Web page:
Wagenborg Nedlift Provides Smart Lifting Solution for Salzbergen Refinery – Video
Salzbergen in Lower Saxony is home to one of the first refineries in Germany. Lamp oil and lubricants were produced there as early as 1860. Nowadays it is a technologically advanced refinery complex with modern blending, bottling and logistics facilities.
In a recent installation project six new storage tanks were installed by Wagenborg Nedlift’s Lifting specialists.
‘Carrying out lifting work on a site like this has its challenges,’ says Peter Eijffius, Senior Project Manager at Wagenborg Nedlift. ‘Over the years, various installations have been added and rebuilt, so the routes around the site are quite narrow in places. In addition, the new tank farm is located between several pipe bridges and buildings.’
‘We have also been involved in previous new build and expansion projects as well as maintenance shutdowns and that certainly helped in this case,’ continues Peter. I know the site like the back of my hand and our engineers know exactly where the crane setup locations are.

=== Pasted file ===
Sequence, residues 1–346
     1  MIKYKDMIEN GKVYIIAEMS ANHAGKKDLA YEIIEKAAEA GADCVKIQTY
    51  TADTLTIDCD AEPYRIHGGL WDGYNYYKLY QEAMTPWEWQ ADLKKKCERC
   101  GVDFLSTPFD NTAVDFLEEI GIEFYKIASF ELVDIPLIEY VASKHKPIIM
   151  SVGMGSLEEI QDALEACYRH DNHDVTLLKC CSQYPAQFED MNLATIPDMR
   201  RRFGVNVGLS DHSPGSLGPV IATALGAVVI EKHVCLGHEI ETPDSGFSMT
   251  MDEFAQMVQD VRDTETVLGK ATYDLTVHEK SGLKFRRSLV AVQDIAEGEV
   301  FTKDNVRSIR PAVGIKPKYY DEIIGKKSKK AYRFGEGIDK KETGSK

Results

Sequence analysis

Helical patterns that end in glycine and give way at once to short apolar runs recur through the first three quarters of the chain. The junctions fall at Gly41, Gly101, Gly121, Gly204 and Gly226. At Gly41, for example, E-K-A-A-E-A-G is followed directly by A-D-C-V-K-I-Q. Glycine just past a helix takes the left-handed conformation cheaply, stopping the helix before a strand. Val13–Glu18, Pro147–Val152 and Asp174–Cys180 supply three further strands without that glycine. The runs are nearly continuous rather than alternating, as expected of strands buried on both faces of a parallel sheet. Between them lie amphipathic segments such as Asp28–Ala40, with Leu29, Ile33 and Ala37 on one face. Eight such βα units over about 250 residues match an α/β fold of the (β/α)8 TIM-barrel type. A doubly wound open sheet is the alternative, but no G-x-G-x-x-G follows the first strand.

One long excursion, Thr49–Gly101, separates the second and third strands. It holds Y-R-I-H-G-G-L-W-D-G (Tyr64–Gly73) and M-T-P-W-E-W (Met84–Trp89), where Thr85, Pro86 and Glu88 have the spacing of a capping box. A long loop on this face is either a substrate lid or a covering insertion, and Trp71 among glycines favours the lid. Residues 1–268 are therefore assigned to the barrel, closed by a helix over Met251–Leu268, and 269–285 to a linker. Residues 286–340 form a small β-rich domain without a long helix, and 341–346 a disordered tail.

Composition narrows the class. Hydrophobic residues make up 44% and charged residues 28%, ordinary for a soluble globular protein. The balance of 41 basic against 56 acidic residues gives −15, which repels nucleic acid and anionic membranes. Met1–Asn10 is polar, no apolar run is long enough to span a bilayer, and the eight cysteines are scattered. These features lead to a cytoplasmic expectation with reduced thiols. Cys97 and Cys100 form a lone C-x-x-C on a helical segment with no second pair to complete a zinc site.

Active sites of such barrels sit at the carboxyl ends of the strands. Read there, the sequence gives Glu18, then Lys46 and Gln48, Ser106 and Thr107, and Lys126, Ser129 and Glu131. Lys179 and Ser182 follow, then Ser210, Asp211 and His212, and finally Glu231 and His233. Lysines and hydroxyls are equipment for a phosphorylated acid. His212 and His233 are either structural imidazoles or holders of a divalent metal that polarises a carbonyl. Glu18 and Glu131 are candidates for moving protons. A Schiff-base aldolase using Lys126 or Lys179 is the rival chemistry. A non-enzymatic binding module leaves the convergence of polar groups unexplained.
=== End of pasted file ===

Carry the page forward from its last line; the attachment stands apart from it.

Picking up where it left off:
But every project is different anyway: weight, dimensions, exact location of the foundation and many other factors determine the possible options. That is why we carried out a comprehensive lifting study in close cooperation with H&R and the main contractor, Wang GmbH, in which various options were examined.
‘The six storage tanks were 34m high, weighed 42t and had a diameter of 4.3m. Our lifting study showed that the most efficient, feasible and safe solution was for the tanks to be delivered in two parts from the manufacturer. At the Salzbergen site, they could then be assembled into a single tank, which could then be placed in its entirety on foundations using two cranes.’
‘We developed this concept further into detailed lifting and erection plans, which served as the basis for the implementation. The 500t Demag AC 500 was used to unload and assemble the columns. It was positioned directly behind a building and had a small clearance between the building and the crane mast during lifting. After the storage tanks had been brought in and assembled, the 700t crane was mobilised as the main crane and the 500t crane as the ‘tail crane’. The main crane (type LTM 1650-8.1) was set up between two buildings, with additional ground pressure reduction measures and the erection of the 42m luffing jib. A little further away was another, slightly smaller crane with a man basket to pick up the slings at height. So we carried out the project in three phases of two storage tanks each.’
‘All in all, a challenging lifting project that went very well thanks to the good cooperation with everyone involved and the professionalism of our …engineers and operators!’ Peter Eijffius concludes.
Courtesy of WANG Anlagenbau